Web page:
Jan Fox: I say it’s Fox Talks because I talk and I teach people to talk better. I work with my clients so that each one leaves feeling like they can do it. Teaching people to speak well, draws on my experience as a teacher and as an on-air journalist. I view television as a classroom, where when you speak authentically, you reach a lot of people. And when you’re working on a stage with a lot of people, it’s about more than just speaking. So I help my clients reach their audiences by teaching them to speak for full-blown impact. And I love it.
Hope Katz Gibbs: What’s one great tip that our readers can take away today to speak better in front of large groups of people.
Jan Fox: Well, I hate to use an old cliché—but: Just do it! I believe if you look deeply inside yourself you’ll find a message. And you might be the only one who can deliver it. If that’s the case, then I believe you’re obligated to get out of yourself, not to worry that you’re going to stumble over words, so that you can give back.
Speaking can be scary and intimidating. Standing on our two-foot-square speaker box, it’s easy to think, “You’re all looking at me, I’m worried about what I’m going to say.”
And so I say, “Just take a step to your right or to your left—step out of that speaker box.”
Forget that they’re going to judge you. Just share what you know. So give it to them like you’re giving it to the neighbor over the back fence. Whatever you’re really good at, and there is something you’re really good at, find a way to bring a little piece of that to your speaking. There’s a relaxation that comes from that.
Hope Katz Gibbs: Can you name a few of the folks you’ve coached—or is that top secret?
Jan Fox: It’s not so much that I don’t want to tell who they are; it’s that the reason they came to see me is they had a fear about speaking and so I don’t like to put them in that light. But I will mention just one: The executive director of the International Consortium of Investigative Journalists, a very powerful position.
A while back, someone gave him, out of the blue, a hard drive that contained 30 years of emails and records documenting how the British Isles were a tax haven. And there were some big names on that drive. It was huge. And it affected lots of countries. My client pulled together around 50 journalists from around the world and they worked on it for a year in a half.
It blew up last April all around the world, when they reported their stories in newspapers, on TV, and on the Internet. Some governments have toppled, some very famous bankers in England are in trouble, the daughter of Imelda Marcos gave back her Van Gogh paintings, some Koreans had to give back some money.
So it was an amazing story, but he was afraid to tell it. He was afraid his memory wouldn’t be good enough to tell the story well, and he was intimidated by the task of organizing it for presentation. And so we worked together and he was asked to do a TEDx talk.
I helped him build a Powerpoint so that at any moment in which he forget something or didn’t know where he was going, all he had to do was finish the sentence and click to the next slide. Not only did he do a phenomenal job, but the audience got it. They got the magnitude of this story. and they clapped long after he got off the stage.
Experiences like that reinforce my feeling that there’s a need for convincing people that if they open their mouths, the impact could be heard in a big way.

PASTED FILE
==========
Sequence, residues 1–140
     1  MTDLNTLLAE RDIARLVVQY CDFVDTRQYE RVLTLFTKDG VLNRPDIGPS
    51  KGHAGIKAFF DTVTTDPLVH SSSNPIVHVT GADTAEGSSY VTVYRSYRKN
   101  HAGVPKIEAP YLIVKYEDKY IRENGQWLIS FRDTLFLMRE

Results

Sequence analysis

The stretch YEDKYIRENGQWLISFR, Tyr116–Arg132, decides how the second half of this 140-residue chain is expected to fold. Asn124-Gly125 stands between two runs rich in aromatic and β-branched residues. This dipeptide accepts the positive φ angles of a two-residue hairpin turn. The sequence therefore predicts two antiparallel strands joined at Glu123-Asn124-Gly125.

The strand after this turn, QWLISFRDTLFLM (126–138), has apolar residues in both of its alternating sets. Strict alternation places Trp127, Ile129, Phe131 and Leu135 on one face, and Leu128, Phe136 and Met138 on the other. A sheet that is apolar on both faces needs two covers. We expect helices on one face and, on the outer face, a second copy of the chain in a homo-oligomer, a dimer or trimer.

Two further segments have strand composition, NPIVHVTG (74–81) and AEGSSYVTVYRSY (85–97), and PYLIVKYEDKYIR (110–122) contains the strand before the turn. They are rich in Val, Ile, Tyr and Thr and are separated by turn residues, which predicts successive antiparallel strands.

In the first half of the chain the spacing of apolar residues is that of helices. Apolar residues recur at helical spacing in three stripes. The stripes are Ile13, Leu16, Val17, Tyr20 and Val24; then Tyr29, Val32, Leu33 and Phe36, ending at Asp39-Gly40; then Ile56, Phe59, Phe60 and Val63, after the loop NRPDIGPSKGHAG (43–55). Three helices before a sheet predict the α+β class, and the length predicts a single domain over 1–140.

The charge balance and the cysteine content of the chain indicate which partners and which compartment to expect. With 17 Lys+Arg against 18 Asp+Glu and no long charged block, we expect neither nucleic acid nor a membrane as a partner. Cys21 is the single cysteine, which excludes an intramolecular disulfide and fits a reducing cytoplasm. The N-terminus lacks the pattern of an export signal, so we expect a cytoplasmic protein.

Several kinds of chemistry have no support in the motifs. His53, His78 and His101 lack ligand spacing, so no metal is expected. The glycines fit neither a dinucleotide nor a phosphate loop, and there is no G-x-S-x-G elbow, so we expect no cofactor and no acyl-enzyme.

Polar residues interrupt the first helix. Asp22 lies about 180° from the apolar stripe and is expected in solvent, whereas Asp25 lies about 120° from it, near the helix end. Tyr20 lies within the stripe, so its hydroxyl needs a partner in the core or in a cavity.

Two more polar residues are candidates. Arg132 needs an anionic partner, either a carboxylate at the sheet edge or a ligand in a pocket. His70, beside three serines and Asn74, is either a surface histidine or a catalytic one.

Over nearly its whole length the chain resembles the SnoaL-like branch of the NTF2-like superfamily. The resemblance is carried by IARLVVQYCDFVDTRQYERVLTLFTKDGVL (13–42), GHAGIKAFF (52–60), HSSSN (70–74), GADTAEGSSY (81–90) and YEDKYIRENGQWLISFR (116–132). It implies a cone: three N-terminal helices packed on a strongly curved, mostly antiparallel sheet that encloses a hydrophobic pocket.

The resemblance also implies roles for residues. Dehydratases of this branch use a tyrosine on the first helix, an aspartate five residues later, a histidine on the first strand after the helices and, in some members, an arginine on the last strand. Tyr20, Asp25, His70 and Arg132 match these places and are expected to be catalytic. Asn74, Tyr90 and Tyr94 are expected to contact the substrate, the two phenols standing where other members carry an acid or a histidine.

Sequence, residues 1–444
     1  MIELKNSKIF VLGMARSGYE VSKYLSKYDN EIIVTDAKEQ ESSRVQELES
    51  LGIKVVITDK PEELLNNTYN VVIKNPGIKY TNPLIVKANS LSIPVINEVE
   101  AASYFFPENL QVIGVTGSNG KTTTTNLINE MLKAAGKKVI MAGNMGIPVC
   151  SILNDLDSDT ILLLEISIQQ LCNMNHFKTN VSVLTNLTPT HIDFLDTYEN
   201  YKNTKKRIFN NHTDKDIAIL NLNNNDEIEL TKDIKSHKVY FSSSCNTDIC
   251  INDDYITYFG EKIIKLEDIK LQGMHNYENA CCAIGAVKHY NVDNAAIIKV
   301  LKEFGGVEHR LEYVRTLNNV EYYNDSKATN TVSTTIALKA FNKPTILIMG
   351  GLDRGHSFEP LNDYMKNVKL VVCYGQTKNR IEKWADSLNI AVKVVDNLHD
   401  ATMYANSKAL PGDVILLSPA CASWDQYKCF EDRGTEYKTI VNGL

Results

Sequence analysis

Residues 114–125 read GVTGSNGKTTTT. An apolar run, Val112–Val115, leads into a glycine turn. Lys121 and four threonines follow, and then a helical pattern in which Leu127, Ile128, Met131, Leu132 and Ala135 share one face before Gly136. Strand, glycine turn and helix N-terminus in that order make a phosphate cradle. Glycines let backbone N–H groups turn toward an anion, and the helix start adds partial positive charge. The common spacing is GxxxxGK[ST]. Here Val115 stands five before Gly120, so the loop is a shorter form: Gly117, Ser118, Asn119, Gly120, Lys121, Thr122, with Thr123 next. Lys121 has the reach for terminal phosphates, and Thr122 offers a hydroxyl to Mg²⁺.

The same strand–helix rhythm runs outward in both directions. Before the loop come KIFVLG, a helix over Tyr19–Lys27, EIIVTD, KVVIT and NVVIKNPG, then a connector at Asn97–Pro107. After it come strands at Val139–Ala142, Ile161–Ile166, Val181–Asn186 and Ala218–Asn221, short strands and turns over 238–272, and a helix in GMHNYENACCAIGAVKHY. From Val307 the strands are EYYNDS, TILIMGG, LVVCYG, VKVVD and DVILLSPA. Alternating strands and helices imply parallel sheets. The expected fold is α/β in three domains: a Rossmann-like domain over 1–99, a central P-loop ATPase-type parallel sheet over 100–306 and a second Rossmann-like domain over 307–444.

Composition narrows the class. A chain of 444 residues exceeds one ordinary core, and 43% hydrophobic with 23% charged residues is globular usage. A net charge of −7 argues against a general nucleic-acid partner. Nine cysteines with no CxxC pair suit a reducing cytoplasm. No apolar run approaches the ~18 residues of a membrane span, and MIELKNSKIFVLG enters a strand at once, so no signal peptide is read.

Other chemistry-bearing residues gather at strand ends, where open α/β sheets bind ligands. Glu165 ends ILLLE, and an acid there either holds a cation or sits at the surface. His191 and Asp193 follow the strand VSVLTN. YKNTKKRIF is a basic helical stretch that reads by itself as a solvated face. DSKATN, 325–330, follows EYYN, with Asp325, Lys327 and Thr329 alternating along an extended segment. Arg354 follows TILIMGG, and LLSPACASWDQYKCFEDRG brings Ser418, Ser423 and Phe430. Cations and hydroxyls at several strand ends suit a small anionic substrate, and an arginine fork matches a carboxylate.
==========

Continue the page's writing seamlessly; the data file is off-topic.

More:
Hope Katz Gibbs: You’ve also conducted training programs — at Verizon, The Defense Logistics Agency, The CIA, The Senate Dirksen Building, Well Point, Anthem. Now you are helping law groups, the DC Bar, PR firms, Women’s Groups, IT companies, sales teams, several golf groups, and other businesses raise the level of their communications and increase the confidence of their employees. What are your plans for the future?
Jan Fox: Okay, the truth comes out. At 67 years old, I know I want to avoid the rocking chair. I’m having a blast. I have a big business plan, and I have some little ones, too. I want to do some new things with my website, I want to have new programs, I want to offer some things online, so that I can reach a bigger market.
I couldn’t dream of my life to date—so how am I supposed to dream the rest? It’s been a constant reinvention. I reinvented myself from being a school teacher to a college professor, from a college professor to a TV talk-show host, from a talk-show host to an anchor, from an anchor to working in a top-10 market. And so this is just another reinvention. Remember when I said opportunity knocks? I’ve got my toe in the door. I’m beginning to see what’s behind it, and I’m going for the ride.
Hope Katz Gibbs: What is “the power of tweaks”?
Jan Fox: I think they’re tiny mind shifts. Picture yourself up on stage in front of a large audience. Then put your hand in front of your face and look at your palm, and say, “I’m really scared, I’m standing up here all by myself.” Now move your palm just a little bit and see that you can see beyond it. If you do what I call the big embrace, if you embrace that audience and embrace the opportunity instead of hide behind this palm, it’s just a tiny little mind shift, but it makes a big impact.
When I work with people, even in big training sessions, I have them try that. I have them move out of that speaker box that I mentioned earlier. I have them switch a gear. So it’s just tiny moves, I call them tweaks, the power of tweaks, that use the micro to maximize your impact—and your potential. So if you’re fearful, a tiny little move gets you started, and then you know what? The rest of the tweaks just unveil themselves one after the other.
For more information about Jan Fox and her speaking training firm, check out her website, FoxTalks.com.